In the evening we decided to observe the heavens for a while – the constellations we saw where Pegasus, Ursa Minor, Grus and Andromeda – we are trying to learn five each day.
Malcolm, Emma and Sam
Finally heading in the right direction….
It’s been an exciting 24 hours here in the mid-Atlantic! Yesterday we had a beautiful day of sailing and a gorgeous sunset – followed by an evening of squalls, winds blowing from 3 to 21 knots, and even an all-hands call early in the morning to take down our Genoa sail (otherwise known as a cold shower for all). The night watch was active as we weaved our way through storm systems, saw some incredible lightning (accompanied by no thunder at all) and tried to find a breeze wherever we could. But fortunes change easily on our journey and today turned into a wonderful day of sailing that saw us break out the spinnaker for the first time in five days. We are now on a south and west heading pointing us directly toward St. Lucia.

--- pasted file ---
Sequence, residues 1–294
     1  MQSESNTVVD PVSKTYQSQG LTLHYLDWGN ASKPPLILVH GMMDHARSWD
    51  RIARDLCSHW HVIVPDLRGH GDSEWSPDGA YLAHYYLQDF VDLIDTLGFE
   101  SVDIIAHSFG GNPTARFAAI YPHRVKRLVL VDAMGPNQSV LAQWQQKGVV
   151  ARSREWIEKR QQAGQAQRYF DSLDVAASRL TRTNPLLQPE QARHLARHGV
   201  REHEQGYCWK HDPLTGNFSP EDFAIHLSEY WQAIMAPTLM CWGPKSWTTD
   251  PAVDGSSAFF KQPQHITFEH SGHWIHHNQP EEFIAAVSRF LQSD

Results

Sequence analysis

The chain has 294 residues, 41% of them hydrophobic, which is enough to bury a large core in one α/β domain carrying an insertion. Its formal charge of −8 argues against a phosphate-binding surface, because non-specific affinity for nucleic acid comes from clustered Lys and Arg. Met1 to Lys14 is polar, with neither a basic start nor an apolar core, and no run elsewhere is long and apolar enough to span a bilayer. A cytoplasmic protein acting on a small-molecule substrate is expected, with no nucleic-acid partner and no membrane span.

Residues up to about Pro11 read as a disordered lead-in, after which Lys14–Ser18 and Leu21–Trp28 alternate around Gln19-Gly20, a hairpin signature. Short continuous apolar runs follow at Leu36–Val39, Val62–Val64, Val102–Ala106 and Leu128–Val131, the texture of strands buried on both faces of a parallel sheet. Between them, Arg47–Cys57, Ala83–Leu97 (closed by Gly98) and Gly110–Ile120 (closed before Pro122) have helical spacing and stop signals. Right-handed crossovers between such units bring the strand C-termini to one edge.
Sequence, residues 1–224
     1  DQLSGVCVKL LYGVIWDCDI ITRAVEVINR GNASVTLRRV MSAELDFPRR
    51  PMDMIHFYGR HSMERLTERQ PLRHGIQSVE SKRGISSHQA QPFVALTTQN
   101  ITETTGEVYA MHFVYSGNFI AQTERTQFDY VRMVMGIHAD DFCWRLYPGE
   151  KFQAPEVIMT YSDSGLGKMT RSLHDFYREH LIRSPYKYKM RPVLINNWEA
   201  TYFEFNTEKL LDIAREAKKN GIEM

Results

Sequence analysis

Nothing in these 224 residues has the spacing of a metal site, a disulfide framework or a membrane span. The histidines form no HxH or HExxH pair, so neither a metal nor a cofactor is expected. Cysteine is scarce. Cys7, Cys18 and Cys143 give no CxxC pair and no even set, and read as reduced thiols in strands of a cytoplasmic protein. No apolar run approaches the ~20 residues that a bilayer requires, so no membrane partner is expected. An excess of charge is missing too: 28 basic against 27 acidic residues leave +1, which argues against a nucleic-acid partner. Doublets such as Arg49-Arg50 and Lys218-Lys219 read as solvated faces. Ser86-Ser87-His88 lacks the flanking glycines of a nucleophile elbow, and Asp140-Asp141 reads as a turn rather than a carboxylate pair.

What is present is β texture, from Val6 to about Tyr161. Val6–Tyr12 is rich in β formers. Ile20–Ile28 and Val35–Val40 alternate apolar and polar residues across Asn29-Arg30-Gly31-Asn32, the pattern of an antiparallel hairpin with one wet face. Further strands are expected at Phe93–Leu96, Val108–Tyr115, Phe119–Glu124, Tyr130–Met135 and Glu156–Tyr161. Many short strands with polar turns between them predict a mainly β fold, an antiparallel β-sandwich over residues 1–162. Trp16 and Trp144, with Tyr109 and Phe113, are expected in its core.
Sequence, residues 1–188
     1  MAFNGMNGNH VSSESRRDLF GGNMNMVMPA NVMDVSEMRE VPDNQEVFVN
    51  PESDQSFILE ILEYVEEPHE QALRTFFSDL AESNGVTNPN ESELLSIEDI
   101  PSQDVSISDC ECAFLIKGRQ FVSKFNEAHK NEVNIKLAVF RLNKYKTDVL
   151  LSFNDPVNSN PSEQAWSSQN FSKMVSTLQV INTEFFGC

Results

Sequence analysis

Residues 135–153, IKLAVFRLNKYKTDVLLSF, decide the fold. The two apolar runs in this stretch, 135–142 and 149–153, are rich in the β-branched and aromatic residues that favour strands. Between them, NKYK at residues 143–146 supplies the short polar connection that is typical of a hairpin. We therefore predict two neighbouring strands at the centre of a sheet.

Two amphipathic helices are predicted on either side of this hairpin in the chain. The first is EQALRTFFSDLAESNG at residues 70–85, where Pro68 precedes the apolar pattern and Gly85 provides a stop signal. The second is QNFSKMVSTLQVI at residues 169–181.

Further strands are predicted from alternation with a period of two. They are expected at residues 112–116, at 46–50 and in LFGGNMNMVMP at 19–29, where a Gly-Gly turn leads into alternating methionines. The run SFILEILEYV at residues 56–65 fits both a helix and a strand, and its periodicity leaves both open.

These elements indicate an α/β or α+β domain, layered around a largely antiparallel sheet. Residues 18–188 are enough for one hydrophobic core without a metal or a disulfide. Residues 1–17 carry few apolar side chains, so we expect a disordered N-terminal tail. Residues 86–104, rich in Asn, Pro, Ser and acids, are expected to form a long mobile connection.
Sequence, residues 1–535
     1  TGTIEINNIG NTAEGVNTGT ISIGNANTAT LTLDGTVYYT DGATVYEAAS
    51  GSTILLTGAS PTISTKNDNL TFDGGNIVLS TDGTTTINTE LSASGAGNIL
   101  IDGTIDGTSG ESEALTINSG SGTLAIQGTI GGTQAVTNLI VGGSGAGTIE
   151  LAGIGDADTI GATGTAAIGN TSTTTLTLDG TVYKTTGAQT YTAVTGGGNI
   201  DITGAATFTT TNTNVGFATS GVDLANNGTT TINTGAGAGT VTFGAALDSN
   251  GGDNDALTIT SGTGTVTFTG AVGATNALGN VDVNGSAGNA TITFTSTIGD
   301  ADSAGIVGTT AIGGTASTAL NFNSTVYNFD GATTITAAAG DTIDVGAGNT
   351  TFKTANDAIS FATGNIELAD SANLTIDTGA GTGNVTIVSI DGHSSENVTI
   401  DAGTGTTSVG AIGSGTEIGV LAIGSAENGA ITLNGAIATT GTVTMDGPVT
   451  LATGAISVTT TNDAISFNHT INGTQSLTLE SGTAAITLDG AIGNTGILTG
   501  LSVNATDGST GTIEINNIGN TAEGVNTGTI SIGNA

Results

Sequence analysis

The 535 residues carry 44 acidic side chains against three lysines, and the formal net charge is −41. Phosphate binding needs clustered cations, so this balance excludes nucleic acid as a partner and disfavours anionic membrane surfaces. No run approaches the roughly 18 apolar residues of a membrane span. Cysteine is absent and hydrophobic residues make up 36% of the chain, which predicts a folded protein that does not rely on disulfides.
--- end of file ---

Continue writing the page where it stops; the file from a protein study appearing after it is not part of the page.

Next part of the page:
As of this post, we have travelled 1,456 NM, which puts us very near the halfway point. We’re all looking forward to a proper afternoon party tomorrow to celebrate our progress so far. It’s truly hard to believe our voyage is nearly half over!
Around the boat we’ve settled into our routines and responsibilities, both on and below deck. We did a targeted search and destroy mission for our “unhappy” fruit and vegetables, resulting in a show and tell of all the strange forms these once fresh items are now displaying. The highlight is a pear that slightly resembled the beard and hair of our crewmate Sam.
Today was Day 3 of Tony and Bruce’s epic fishing effort, using only rudimentary lines and lures while we travel at speeds in excess of eight knots. Despite the lack of immediate success, we have been promised “the fish are coming.”
Matt, Nicky and Helen
It was the first Sunday of Advent…. almost Christmas really…..